Halloween is a time for spooks, sexy costumes, and eating enough candy to ruin the last vestiges of your bikini bod. Halloween is also a time for believing some really dumb shit. Since the days of yore, people have been particularly susceptible to dumb stories on and around All Hallows’ Eve. Here are some of the dumbest urban legends that people have believed about the spookiest night of the year.
Even in the Internet age, crazy “sightings” still periodically pop up from time to time. There have been periods heavy with Bigfoot, alien, and ghost sightings, over the years, but this year has been dominated by clowns. Since mid-August, reports of creepy clowns have been popping up around the country and the world. Some reports have led to mobs, like this group of brilliant scholars at Penn State, taking to the streets to do some clown hunting.
Reports of clown sightings have led to angry mobs, threats of violence, and, sadly, real violence. Almost all reports that escalate to police involvement include a sentence like, “Yet still, police couldn’t locate a single clown to question.” One of the few verified instances of a “clown sighting” was actually an autistic child who got excited about his costume a few weeks early. It turns out Stephen King’s It is not a documentary.
“Marijuana Halloween Candy”
The other major urban legend dominating the news cycle this Halloween season has been the fear that children might receive a little something special in their candy. Marijuana advocates are quick to note that not only are there no cases of this that have been documented, but it would also be an insanely expensive proposition. That hasn’t stopped police departments and concerned parents from fanning the dank flames with videos like this one from the Denver Police Department.
While there have been a number of instances of children getting their hands on marijuana-infused candy, usually they get to it the same way you got into dad’s liquor cabinet when you were in high school. The odds of a stranger getting your kid high before they attend their first music festival are actually very low.
“National Kill A Pitbull Day”
Social media hoaxes are nothing new, and they’ve always been as dumb as they are now. For example, consider the greatest hoax of 2012: “National Kill A Pitbull Day.” For some reason, pitbull advocacy tends to go viral on Facebook, and some pranksters took advantage of our collective soft hearts towards these misunderstood pups with perhaps the most obvious hoax since the girl whose head is tied on with a string.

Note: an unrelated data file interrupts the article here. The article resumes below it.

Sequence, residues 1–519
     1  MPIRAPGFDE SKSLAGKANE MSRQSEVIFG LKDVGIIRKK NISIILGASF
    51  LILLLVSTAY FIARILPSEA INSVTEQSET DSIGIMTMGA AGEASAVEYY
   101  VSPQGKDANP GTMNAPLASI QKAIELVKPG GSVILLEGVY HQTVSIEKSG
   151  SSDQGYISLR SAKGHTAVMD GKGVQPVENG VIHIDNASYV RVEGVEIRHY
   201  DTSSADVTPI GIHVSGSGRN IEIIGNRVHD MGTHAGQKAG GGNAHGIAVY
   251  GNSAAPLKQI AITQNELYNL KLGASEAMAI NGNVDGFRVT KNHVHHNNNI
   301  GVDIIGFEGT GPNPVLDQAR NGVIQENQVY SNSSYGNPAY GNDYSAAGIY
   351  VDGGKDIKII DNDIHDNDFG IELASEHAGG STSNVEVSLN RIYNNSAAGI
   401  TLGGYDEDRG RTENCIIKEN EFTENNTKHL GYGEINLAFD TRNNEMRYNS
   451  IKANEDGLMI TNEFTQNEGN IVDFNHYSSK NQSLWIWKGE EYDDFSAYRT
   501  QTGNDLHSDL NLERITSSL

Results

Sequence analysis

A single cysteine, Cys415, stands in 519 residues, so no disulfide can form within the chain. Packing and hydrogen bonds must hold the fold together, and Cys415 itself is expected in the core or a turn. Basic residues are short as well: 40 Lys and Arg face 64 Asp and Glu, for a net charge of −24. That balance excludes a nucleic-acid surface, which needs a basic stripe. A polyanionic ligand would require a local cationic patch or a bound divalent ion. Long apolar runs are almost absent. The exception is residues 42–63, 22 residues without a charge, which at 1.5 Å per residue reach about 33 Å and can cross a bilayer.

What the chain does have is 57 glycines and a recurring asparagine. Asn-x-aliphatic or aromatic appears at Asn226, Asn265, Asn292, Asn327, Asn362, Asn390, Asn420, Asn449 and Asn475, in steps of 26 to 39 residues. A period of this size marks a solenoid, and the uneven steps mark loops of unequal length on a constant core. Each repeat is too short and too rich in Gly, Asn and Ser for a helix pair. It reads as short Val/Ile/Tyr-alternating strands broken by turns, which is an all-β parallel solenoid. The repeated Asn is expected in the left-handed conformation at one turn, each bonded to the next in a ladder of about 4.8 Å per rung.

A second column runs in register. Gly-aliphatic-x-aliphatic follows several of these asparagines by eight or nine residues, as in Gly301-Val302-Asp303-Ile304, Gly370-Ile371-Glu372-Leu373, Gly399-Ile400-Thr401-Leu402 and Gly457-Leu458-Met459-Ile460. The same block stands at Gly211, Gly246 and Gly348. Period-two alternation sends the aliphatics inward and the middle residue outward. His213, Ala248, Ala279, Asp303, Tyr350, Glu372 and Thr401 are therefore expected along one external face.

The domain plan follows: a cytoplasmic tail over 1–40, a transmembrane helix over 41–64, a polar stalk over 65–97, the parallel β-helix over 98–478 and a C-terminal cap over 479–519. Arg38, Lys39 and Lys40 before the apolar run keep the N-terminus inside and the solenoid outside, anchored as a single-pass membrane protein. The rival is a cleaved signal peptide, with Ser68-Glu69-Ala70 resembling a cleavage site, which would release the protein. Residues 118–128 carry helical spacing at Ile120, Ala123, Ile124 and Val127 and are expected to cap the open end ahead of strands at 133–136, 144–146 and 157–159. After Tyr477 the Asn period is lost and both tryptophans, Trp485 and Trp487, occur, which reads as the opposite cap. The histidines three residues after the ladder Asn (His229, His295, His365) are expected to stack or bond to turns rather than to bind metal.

It turns out this particular rumor sprang from a Missouri political dispute and became the stuff of urban legend.
Though this one is a classic, it also strains credulity more than any supernatural story ever. It’s one thing to believe in ghosts, it’s another to believe you can summon them, and it is still another thing to believe that they can show up in your mirror, and then drag you through the mirror into some fucked up Narnia. But, nonetheless, the least plausible of Halloween urban legends has long remained among the most popular.
Why is it that Bloody Mary has endured? Experts cite a number of possibilities. Bloody Mary has long been popular among children at sleepovers. Psychologists believe it plays into a need for group ritual in early teen years. Bloody Mary also has its roots in the conflict between Queens Mary and Elizabeth I, who were respectively guilty of killing Protestants and Catholics. This religious tension still plays out in less lethal ways today in the U.S. and Europe. Finally, the imagery is incredibly compelling, as mirrors have fascinated humans ever since we invented them.
And, of course, there is the animating factors that animates all urban legends: Part of us wants them to be true.